Note: As you begin your week, here are some tips from the Humetrics blog to help you recruit, hire and retain great people more effectively.
How would you guess your employees feel coming back from summer vacation? Wishing summer would never end and they wouldn’t have to go back to work? Maybe they’re beginning to think there has to be greener grass somewhere else out there for them. Gallup tells us that 71% of workers believe now is a good time to find a job.
This means this is the time you need to make sure you are having on-going, one-on-one conversations with the valued employees you don’t want to lose.
Yes, you want to find out all about that vacation and take a real interest in them, but also consider asking some of the following “stay interview” questions:
- What are the most satisfying parts of your job? What would you like to be doing more of and would you like to do less of?
- What do you like about working for our organization? Any dislikes?
- How do you feel about the space where you do most of your work?
- What keeps you engaged in your role now?
- What would you like to do more or less of next?
Engage by asking
Many pollsters regularly measure and report on employee engagement. Gallup does so regularly.
Gallup deems workers as “engaged” based on their ratings of: “Key workplace elements that predict important organizational performance outcomes, such as having an opportunity to do what they do best each day, having someone at work who encourages their development, and believing their opinions count.”
Article Continues Below
Is Talent Acquisition a Strategic Business Partner to Companies?
That’s all well and good, but I think what they’re actually measuring are the employees’ experiences. Do they have friends and mentors on the job? Are their contributions recognized? Are they encouraged to participate in decisions and are their ideas and opinions respected?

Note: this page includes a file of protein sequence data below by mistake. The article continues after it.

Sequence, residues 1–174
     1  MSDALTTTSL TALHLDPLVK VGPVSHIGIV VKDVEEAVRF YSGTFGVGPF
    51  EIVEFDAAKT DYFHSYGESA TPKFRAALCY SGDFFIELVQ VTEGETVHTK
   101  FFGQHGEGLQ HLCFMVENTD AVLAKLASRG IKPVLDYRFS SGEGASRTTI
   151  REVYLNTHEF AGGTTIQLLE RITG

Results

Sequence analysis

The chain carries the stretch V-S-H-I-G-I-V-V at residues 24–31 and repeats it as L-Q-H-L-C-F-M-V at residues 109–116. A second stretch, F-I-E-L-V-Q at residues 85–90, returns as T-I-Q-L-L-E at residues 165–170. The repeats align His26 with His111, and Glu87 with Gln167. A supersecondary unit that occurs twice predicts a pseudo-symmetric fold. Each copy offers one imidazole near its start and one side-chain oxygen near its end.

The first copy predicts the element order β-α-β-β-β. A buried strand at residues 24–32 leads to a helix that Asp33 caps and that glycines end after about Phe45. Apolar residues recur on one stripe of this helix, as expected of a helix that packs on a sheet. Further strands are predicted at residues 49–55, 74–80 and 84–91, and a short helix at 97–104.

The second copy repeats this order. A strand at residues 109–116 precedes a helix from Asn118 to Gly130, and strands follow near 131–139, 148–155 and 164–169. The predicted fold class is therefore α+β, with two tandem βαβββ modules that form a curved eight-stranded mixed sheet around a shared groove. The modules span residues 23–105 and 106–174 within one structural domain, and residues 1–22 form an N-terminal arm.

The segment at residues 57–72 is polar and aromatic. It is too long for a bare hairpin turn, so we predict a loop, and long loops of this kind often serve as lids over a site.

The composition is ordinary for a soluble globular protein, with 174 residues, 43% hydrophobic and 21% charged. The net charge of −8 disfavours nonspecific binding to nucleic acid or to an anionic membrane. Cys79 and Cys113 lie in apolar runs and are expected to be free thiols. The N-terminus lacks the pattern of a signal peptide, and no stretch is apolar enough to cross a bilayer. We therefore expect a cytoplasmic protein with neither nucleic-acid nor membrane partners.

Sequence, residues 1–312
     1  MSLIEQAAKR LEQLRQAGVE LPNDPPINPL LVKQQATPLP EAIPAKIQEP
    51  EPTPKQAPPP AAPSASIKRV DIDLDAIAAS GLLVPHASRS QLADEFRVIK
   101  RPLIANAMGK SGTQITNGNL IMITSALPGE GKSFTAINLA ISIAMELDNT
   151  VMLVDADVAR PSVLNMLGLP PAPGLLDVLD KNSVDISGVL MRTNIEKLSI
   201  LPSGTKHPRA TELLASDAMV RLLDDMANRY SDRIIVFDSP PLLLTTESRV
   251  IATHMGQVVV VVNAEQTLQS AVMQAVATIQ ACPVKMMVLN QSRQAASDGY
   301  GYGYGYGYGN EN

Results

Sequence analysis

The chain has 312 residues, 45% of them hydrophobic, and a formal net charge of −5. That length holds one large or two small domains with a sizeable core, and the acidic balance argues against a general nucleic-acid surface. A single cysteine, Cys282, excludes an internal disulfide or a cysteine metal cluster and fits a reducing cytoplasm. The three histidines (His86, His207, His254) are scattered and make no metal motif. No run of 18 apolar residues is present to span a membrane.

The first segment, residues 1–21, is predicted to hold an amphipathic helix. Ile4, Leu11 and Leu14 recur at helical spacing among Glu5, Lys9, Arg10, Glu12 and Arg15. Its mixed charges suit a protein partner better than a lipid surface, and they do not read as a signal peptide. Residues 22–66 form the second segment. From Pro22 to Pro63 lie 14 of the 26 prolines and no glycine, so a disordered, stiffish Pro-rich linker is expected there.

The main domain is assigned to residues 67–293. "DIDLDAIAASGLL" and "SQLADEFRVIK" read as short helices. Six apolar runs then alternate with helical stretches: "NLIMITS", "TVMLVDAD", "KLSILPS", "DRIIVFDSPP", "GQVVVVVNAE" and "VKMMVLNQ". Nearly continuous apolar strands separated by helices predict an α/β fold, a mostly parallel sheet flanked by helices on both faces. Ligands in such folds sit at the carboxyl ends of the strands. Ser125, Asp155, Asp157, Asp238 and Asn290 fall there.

What kind of engagement experiences are you creating for your people?
Ideas to get more referrals
Why are referral applicants such great new hires? First, because the referred person already has a friend at work and, secondly, they know what it is going to be like working for you because their friend told them all about it.
Here are six ideas to help you get more referrals:
- When you ask for referrals, shrink the pool. Don’t ask people if they know of anyone who might be interested. Ask if they know someone from their last job, someone at church, someone in their contact file, or neighbors. When you shrink the pool, it is easier for them to come up with names.
- Tell them why you need new employees and why you are asking them. “Bob, we need some new people like you on our team BECAUSE (because is a key word) and give them the reason (we are growing so fast; I want to make your life easier, etc.).
- Create a referral reward program. It doesn’t take a lot and it doesn’t have to be money that you give away.
- Give the reward to the referring person on the new hire’s first day, not three or six months later.
- To get the most bang for your buck and generate some excitement around the program, give the reward in public.
- Pay the reward to anyone who gives you a referral (vendors, friends, customers, etc.), not just employees.